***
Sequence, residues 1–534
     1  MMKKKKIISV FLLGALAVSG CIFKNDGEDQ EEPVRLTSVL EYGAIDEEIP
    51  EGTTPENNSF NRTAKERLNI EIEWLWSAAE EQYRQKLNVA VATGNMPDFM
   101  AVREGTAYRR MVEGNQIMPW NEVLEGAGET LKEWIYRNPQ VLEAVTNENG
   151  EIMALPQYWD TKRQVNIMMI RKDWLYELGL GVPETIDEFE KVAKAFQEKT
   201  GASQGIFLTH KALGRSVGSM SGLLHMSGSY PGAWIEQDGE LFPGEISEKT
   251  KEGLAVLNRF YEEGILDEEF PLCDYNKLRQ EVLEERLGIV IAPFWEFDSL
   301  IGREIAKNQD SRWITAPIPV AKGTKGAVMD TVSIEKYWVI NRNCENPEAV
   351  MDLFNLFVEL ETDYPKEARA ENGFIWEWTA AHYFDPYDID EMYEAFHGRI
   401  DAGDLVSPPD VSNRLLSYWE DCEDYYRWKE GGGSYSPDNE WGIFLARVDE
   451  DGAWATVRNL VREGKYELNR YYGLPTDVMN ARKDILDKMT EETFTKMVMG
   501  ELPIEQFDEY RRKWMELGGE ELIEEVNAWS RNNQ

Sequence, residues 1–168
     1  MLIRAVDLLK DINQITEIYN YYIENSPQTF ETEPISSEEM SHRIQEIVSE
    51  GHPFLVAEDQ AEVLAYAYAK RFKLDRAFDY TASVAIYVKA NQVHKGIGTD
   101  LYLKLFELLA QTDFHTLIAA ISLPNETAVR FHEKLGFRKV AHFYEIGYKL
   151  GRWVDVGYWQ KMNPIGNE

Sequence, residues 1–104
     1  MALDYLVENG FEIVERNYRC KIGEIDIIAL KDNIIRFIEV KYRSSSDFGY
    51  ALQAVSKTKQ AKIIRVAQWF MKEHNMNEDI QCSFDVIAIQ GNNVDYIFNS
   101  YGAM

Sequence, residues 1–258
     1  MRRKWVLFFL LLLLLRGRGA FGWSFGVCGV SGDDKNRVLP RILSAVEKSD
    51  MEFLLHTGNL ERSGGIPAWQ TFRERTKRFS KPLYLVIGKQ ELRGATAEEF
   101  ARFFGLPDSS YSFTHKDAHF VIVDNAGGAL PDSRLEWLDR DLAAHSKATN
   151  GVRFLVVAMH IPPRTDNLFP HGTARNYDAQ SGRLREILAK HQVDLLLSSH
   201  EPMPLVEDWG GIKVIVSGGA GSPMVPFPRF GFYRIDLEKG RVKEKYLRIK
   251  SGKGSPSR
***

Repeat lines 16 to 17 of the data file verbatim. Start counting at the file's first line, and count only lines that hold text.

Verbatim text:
   101  LYLKLFELLA QTDFHTLIAA ISLPNETAVR FHEKLGFRKV AHFYEIGYKL
   151  GRWVDVGYWQ KMNPIGNE